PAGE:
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S110 - Cannot drive by lab power supply?

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Re: S110 - Cannot drive by lab power supply?
« Reply #30 on: 05 / May / 2015, 00:41:25 »
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CHDK is a hack operating outside Canon specifications.

I have seen too many people destroy electronic equipment through hacking.

Both circuits may work on normal DC or AC loads. The negative on modern electronics is the earth reference. Placing a resistor in series in the camera negative power supply line lifts the earth reference above the true negative generating artefacts in the negative rail. In many switched mode regulators lifting the negative reference above the true negative creates artefacts and possible self destruction.

Sorry; I am not contributing to possible camera damage.

The safe way to determine current draw is:

Establish the minimum and maximum voltages the camera will reliably operate by reading the manufacturer’s specifications. Once the minimum and maximum voltages are established and the recommended power supply is known, use hook-up cables capable of supplying twice the maximum constant current to eliminate voltage drop.

Connect a digital amp meter or a digital multimeter set to DC amps in series in the positive power line source and the camera positive. The negative is connected directly to negative. The current draw observed is the true constant current draw not the intermittent current draw. It is the maximum constant current draw that counts, the intermittent current draw will be taken care of by the internal filter capacitors. That is their function to supply peak intermittent loads.
« Last Edit: 05 / May / 2015, 00:44:49 by thepanoguy »

Re: S110 - Cannot drive by lab power supply?
« Reply #31 on: 05 / May / 2015, 08:23:43 »
CHDK is a hack operating outside Canon specifications.
CHDK is a software hack.  Using CHDK has no bearing on the topic being discussed here.

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I have seen too many people destroy electronic equipment through hacking.
Of course.  That's always one of the risks of  hacking.

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Placing a resistor in series in the camera negative power supply line lifts the earth reference above the true negative generating artifacts in the negative rail. In many switched mode regulators lifting the negative reference above the true negative creates artifacts and possible self destruction.
Artifacts?  I don't think so with this setup.

The camera is a completely floating load. Simple physics / electronics  says it does not see anything but the voltage across its battery terminals  It has no idea where it is relative to earth reference.  The same goes for the power supply  -  all it sees is the load across its output terminals.  As long as nothing in the load is grounded,  the physics is again simple.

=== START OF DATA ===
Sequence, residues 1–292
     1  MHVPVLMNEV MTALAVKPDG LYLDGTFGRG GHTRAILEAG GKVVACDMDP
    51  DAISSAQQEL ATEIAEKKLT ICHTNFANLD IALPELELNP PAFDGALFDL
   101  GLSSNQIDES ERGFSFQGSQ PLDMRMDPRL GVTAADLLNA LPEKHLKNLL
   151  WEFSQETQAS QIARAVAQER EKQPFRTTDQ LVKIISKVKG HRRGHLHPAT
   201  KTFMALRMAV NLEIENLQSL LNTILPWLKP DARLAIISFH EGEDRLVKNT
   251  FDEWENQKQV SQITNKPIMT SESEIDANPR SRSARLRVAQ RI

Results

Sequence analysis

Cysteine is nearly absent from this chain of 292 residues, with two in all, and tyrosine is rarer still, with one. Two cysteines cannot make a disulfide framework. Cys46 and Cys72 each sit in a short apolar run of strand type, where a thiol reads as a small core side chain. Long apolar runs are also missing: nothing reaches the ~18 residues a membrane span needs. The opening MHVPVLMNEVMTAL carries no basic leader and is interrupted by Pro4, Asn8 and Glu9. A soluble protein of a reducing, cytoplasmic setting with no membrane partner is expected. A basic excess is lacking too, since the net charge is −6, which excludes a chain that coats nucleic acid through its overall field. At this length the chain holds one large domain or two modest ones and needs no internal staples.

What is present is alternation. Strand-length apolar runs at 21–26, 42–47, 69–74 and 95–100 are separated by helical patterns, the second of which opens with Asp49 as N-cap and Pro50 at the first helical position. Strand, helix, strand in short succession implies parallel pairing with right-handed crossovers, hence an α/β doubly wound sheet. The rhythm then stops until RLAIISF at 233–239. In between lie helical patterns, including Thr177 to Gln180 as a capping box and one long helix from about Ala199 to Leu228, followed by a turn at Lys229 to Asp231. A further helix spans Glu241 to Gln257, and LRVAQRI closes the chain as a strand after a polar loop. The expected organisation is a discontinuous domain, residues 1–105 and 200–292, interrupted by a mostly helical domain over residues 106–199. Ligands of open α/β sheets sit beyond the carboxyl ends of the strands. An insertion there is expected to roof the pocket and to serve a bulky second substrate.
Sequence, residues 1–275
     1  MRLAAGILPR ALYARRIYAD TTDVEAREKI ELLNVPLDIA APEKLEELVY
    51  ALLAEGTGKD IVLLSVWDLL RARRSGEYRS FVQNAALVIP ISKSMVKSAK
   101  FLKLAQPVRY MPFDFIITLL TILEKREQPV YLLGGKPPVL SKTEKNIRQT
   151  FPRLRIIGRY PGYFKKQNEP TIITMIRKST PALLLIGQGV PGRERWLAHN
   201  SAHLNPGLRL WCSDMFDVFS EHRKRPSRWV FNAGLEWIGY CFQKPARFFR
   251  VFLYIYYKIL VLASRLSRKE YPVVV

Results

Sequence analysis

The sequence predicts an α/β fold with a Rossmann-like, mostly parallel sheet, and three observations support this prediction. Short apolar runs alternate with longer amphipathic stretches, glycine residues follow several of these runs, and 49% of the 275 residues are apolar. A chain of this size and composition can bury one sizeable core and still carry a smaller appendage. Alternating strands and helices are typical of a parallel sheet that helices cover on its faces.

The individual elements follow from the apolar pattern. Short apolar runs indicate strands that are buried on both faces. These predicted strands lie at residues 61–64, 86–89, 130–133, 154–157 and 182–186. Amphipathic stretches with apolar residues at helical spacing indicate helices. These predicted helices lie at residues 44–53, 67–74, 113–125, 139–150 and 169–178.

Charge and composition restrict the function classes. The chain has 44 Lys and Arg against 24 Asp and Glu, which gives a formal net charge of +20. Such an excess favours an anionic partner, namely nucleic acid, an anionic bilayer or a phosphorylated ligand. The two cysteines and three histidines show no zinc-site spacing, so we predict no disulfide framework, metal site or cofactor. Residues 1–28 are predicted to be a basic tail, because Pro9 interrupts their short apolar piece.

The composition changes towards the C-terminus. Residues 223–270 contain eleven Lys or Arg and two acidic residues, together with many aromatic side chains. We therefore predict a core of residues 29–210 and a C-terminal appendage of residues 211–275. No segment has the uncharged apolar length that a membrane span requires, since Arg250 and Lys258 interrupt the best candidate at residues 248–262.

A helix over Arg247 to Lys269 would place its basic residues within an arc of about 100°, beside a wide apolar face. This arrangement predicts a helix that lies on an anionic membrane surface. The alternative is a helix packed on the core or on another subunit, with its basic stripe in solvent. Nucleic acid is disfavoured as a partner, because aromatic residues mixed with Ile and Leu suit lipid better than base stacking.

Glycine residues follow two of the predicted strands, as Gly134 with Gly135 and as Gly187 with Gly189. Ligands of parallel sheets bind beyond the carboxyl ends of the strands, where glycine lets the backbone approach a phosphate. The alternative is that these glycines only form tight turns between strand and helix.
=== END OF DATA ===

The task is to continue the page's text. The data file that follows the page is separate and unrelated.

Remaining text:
However,  once you start talking about multiple cameras interconnected via USB cables and multiple switching power supplies,  all bets are off.  As I have pointed out many times on this forum when discussing multi-camera rigs, proper grounding is critical.  There are even potential life safety issues as one forum poster discovered.


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Sorry; I am not contributing to possible camera damage.
Noted.

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The safe way to determine current draw is:

Establish the minimum and maximum voltages the camera will reliably operate by reading the manufacturer’s specifications. Once the minimum and maximum voltages are established and the recommended power supply is known, use hook-up cables capable of supplying twice the maximum constant current to eliminate voltage drop.

Connect a digital amp meter or a digital multimeter set to DC amps in series in the positive power line source and the camera positive. The negative is connected directly to negative. The current draw observed is the true constant current draw not the intermittent current draw. It is the maximum constant current draw that counts, the intermittent current draw will be taken care of by the internal filter capacitors. That is their function to supply peak intermittent loads.
An excellent description.  But it will not tell you anything useful here.   

The OP has already shown that the power supply can deliver the rated load into a fixed resistance.  Yet it does not work powering his camera.  He has a transient condition occurring on start up and doing a bunch of average current measurements with even the most expensive DVM is not going to help diagnose that.   Watching the actual current flow by measuring differential voltae drop across his series low ohm resistor might let him see what is happening - especially if he compares it to battery power.

Having said all that,  my preference would have also been to place the series resistor in the positive leg of the circuit .  That's just good practice because, while not strictly needed for this simple setup, it will pay off the minute you add anything else that might be grounded to the circuit while experimenting with it.   Which is exactly what I believe you are concerned about too? Unfortunately,  the OP seems to be having difficulty understanding how to operate the scope in differential mode so he is using a negative leg configuration and connecting the scope ground to power supply ground.
« Last Edit: 05 / May / 2015, 09:00:16 by waterwingz »
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